I'm going to go on record with something. If Ennis gets the right promotion before he gets too old, not only can he be the #1 fighter P4P in the world. He could be in the argument for the best ever. That's how good he is. But he can't wait like Demetrius Andrade did. He needs to make the move ASAP.    

What’s up Bread? Hope all is well.  

You’ve spoken about the “Rock, Paper, Scissors” and of boxing (assuming the skill level is relatively equal and I’m paraphrasing) Pure boxer > Puncher Swarmer > Pure Boxer Puncher > Swarmer Can you share some insights about high-profile exceptions to this general rule? You’ve said this rule holds true about 75 % of the time and I’d like to hear about the other 25% if possible.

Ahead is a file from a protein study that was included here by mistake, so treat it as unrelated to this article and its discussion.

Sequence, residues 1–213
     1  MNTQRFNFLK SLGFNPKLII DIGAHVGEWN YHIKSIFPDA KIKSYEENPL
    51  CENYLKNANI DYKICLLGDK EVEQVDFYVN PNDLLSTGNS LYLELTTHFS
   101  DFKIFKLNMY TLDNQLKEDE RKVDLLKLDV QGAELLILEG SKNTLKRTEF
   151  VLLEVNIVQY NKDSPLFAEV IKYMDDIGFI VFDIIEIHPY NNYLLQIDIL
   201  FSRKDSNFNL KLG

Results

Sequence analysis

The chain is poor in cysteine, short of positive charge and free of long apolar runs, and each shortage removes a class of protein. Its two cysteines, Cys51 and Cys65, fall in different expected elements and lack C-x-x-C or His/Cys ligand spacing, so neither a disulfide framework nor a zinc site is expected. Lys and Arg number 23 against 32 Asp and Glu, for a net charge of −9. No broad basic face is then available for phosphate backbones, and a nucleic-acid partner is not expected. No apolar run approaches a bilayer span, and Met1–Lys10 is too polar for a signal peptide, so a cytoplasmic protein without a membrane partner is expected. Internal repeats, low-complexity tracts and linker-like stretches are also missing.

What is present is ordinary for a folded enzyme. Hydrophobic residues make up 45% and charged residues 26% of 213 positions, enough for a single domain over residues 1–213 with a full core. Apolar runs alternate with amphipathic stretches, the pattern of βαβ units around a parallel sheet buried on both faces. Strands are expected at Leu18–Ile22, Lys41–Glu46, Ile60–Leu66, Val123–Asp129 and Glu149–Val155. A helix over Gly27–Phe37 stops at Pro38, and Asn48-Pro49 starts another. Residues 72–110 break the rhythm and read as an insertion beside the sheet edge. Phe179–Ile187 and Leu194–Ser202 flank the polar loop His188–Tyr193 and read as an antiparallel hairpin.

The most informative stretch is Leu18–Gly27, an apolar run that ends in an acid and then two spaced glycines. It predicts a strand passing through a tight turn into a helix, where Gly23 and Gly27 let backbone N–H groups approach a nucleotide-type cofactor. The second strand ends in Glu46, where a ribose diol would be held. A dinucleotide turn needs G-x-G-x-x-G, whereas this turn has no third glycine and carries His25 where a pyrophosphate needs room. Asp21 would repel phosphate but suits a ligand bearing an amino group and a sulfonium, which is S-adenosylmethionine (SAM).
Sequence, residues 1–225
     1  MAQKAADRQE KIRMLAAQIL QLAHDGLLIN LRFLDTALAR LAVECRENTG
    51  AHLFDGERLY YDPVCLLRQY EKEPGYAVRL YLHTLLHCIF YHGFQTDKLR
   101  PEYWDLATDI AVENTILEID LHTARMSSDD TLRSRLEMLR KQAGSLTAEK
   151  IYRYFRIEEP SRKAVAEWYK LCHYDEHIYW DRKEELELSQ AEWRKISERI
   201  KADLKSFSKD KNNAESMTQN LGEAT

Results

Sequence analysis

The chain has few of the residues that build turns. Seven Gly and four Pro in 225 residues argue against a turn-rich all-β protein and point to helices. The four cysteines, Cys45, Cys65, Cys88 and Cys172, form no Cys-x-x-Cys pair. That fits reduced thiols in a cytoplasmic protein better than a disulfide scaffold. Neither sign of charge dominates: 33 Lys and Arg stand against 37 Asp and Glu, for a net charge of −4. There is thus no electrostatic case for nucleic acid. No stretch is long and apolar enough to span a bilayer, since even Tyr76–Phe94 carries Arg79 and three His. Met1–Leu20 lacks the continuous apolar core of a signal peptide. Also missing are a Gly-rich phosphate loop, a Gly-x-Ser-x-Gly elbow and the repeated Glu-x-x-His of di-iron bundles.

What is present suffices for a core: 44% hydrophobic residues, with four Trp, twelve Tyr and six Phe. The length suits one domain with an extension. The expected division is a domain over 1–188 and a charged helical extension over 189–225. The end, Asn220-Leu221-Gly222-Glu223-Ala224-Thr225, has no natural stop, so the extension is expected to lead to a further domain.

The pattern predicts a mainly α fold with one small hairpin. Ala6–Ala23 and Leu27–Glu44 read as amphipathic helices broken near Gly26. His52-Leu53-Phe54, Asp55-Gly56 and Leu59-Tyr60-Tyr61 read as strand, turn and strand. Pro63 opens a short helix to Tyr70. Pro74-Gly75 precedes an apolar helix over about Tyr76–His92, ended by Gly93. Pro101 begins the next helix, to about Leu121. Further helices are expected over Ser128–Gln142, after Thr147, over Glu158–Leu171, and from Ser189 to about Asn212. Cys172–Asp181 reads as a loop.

Peace, W. Hollis Boxing in West Palm Beach 

Bread’s Response: Good question. Ok I have swarmer over a puncher in Chavez over Rosario. 

I have a puncher over a pure boxer in Julian Jackson over Herol Graham. 

I have a pure boxer over a swarmer in Benitez over Duran. 

I have 2 questions. I’m a big shot TV/streaming executive looking at boxing, not necessarily to replace Showtime but just to get in the game at a high level. I give you a call as one of the foremost no-BS boxing people in the game and ask for the following advice: “The NFL, NBA, MLB sell competition and drama. The Lakers and Celtics always play twice a year even if the first game is a blowout, KC and Philly might lose the big game in January, but fans are still ready for next year. Tampa Bay might build a great record but nobody wants to watch them play. I want to change the culture of boxing and get it more in line with mainstream sports. I want to reward fighters who fight. I want to condition the audience to reward competitive spirit, entertainment, and stop punishing losses so harshly.